Washington’s latest sanctions have left no room for a constructive response from Moscow, analysts explain, but opinions differ widely on how much the measures will affect relations between the two countries.
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All interviewed by RT railed against the framing of the sanctions, nominally prompted by the alleged use of chemical weapons against the Skripals in the UK back in March. Russia will be punished with a first set of measures from August 22, and is given 90 days to assure Washington that it will no longer deploy chemical weapons, and to open up its chemical production facilities to international inspectors.
One problem: Russia denies that it has used chemical weapons in the first place and says that it had already disposed of its stockpile in accordance with international treaties. So, to use the proverbial example, the US is asking Russia: “When will you finally stop beating your wife?”
“Russia can’t admit what it hasn’t done. It’s as if the US is asking Russia, ‘Show us your Yeti’ and if you don’t we will punish you. There are literally no facilities to even show,” Vladimir Kornilov, a political analyst for RIA news agency, told RT.
“The very way that the conditions of dropping the sanctions are posed by the US –we will abandon them if you confess your sins and repent– is so humiliating and unacceptable that any response will have to be very firm,” said Andrey Kortunov, Director General of the Russian International Affairs Council.
Leonid Polyakov, from the Higher School of Economics, says that Washington must be aware that the Kremlin would never agree to its conditions, so setting them in the first place is a cheap pretense at diplomacy.
“Historically, under the current leadership Russia can never do two things. It can never move from officially stated positions on certain international issues and incidents – for example, on Skripal. Russia is not going to turn around and say ‘Sorry, we actually did poison him,’” he told RT.
“And secondly, Vladimir Putin will never agree to any unilateral concessions. Any previous offers Moscow has made are always on a quid-pro-quo basis,” Polyakov pointed out, citing the recent offer by the Russian president to allow the questioning of its citizens involved in alleged election-meddling, but only in exchange for William Browder and others being interviewed by Moscow’s investigators.
US ‘showing who’s boss’ or playing to home audience?
All three experts agreed that not only will the sanctions be rejected, but they are unlikely to have any indirect effect on Russia’s international policies, or its economic outlook.
So, why implement them at all?
Kortunov says this is an attempt to claw back international prestige, particularly in the wake of the US failure to impose its will in Syria, fraying relations with Europe and China, and Donald Trump’s perceived softness in negotiating with Putin in Helsinki last month.
“This is an attempt to make a statement from the US establishment – to show who is boss in international politics. Over the last two or three years the role of the US as the commander-in-chief of world affairs has been cast into doubt, and Russia has been chosen as the whipping boy as Washington tries to reassert control,” Kortunov said.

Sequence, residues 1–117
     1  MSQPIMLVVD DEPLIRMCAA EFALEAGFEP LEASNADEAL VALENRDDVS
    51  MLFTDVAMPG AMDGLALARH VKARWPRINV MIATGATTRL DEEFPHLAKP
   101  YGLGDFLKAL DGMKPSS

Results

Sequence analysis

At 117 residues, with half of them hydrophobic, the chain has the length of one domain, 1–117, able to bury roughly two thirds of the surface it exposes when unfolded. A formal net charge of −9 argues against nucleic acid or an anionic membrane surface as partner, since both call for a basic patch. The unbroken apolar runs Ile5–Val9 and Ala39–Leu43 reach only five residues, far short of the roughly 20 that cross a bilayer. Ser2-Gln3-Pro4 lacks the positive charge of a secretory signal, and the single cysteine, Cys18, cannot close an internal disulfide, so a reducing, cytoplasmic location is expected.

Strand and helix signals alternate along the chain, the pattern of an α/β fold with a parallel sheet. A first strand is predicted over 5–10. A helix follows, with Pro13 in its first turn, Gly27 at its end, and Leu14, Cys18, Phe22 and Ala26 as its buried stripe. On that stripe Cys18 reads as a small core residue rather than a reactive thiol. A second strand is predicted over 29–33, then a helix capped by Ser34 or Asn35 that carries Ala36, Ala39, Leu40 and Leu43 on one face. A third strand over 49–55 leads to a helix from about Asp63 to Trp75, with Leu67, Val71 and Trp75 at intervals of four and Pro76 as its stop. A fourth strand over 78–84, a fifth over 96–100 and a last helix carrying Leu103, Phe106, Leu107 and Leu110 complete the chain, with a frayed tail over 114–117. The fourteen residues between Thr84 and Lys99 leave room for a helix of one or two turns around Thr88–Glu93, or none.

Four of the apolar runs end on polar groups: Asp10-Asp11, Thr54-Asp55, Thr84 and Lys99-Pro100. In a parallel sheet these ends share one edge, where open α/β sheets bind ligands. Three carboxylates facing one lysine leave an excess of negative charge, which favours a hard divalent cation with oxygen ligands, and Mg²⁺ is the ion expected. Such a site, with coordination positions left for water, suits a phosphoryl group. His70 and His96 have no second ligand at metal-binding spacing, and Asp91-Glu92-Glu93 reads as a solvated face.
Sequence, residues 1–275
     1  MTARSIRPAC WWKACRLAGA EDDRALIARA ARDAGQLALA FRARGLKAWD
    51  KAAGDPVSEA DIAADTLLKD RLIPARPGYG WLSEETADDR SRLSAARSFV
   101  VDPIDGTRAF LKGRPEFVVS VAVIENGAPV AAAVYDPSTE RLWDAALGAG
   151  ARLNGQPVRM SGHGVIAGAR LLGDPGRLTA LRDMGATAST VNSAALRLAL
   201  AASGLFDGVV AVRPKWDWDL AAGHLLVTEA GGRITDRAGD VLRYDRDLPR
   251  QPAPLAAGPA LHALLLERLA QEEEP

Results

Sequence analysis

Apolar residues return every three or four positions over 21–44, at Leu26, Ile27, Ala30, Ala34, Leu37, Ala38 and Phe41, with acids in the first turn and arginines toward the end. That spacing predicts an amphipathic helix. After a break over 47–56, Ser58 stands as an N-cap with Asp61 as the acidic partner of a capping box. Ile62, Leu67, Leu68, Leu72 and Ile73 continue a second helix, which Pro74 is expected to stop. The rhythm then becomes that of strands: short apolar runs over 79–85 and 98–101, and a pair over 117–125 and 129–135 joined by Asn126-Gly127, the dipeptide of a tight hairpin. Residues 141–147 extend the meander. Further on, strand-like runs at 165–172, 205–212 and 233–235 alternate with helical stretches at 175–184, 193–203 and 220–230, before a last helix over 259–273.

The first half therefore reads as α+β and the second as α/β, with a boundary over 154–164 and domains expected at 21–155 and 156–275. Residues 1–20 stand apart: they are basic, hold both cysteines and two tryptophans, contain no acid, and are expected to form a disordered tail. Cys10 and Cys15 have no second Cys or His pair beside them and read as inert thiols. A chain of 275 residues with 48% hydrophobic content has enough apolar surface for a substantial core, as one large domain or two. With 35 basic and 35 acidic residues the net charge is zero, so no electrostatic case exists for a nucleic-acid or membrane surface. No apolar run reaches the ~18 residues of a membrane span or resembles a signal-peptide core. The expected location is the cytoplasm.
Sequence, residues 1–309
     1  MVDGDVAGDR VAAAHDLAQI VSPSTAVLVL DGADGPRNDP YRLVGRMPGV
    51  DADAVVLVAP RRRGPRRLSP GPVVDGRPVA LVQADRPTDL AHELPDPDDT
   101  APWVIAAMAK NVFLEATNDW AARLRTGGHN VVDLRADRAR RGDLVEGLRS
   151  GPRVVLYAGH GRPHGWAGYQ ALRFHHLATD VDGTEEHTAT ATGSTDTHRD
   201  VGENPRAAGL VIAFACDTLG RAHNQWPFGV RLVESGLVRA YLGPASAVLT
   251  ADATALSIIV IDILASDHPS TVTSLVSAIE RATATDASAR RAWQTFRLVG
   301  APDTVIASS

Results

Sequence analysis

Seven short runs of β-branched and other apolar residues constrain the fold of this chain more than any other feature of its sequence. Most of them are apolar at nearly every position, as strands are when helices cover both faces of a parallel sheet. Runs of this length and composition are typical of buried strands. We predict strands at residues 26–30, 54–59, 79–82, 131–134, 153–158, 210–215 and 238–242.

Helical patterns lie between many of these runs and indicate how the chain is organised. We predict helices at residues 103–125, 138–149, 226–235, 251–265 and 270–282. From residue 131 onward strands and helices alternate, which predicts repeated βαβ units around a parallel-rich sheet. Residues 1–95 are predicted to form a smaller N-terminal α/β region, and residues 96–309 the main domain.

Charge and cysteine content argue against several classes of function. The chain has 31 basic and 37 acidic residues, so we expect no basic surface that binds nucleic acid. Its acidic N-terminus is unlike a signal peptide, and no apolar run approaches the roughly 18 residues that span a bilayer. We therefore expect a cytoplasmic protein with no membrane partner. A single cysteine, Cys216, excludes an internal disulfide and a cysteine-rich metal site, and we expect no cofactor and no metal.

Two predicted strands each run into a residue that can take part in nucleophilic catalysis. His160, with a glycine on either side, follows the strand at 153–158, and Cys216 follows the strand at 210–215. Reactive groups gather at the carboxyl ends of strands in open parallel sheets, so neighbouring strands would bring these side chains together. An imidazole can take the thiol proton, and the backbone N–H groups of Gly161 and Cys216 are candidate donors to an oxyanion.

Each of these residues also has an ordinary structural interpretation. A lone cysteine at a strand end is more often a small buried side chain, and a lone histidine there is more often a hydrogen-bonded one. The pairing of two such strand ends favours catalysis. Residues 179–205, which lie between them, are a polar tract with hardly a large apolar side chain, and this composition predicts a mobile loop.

For Polyakov, this is all about “looking strong on Russia” ahead of October’s mid-term elections.
“The people putting these sanctions forward aren’t aware of the international consequences. First and foremost, they are driven by a desire to play to their domestic audience, particularly with the midterms coming up. Showing you are not beholden to Russia is a campaign move,” he said to RT.
The professor of political science adds that a lack of ideas over how to corral a feisty Russia is pushing American officials to press the sanctions button again and again.
“As the saying goes, when you don’t know what to do, do what you know. The international situation is such that no side can expect to back down without losses. Everyone knows that sanctions don’t work. But it is a simple tool, easy to understand, and one that has been widely used before by the US. It is almost a reflex reaction by now.”
Yet Kornilov believes that sanctions are not just a shield for a beleaguered establishment, but an offensive weapon.
“It is clear that if it wasn’t going to be the Skripals, it would be something else. Sanctions have become a tool in economic and trade wars, and no one is bothering to hide this,” he said.
Can things get worse?
Since hostility between Moscow and Washington is at a post-war high as it is, Polyakov believes it will be impractical for the two nuclear powers to escalate tensions still further, beyond the headlines.
“Any proposed downgrading of diplomatic relations will likely be more symbolic than practical, as there is constant contact between Moscow and Washington that doesn’t go through diplomatic channels, but directly between government departments, for example as in Syria,” he said, referring to the military hotline that has allowed the two countries to operate side-by-side during the ongoing conflict there.
Kortunov is less sanguine.
“I would not be surprised if the Russian ambassador from Washington is recalled as a counter-measure,” he says, adding that this could detonate all tentative plans between the two countries negotiated at the Helsinki summit.
But Vladimir Kornilov isn’t just worried about the State Department steps, but also about a proposed new legislative initiative that aims to stop Russian banks from operating with US clients, and plans to designate the country as a state sponsor of terrorism.
“This isn’t just about worsening relations, this is going to be tantamount to a breakdown of diplomatic relations between Moscow and Washington. This will be beyond the pale. I hope Americans come to their senses and step back from the brink,” said the analyst.
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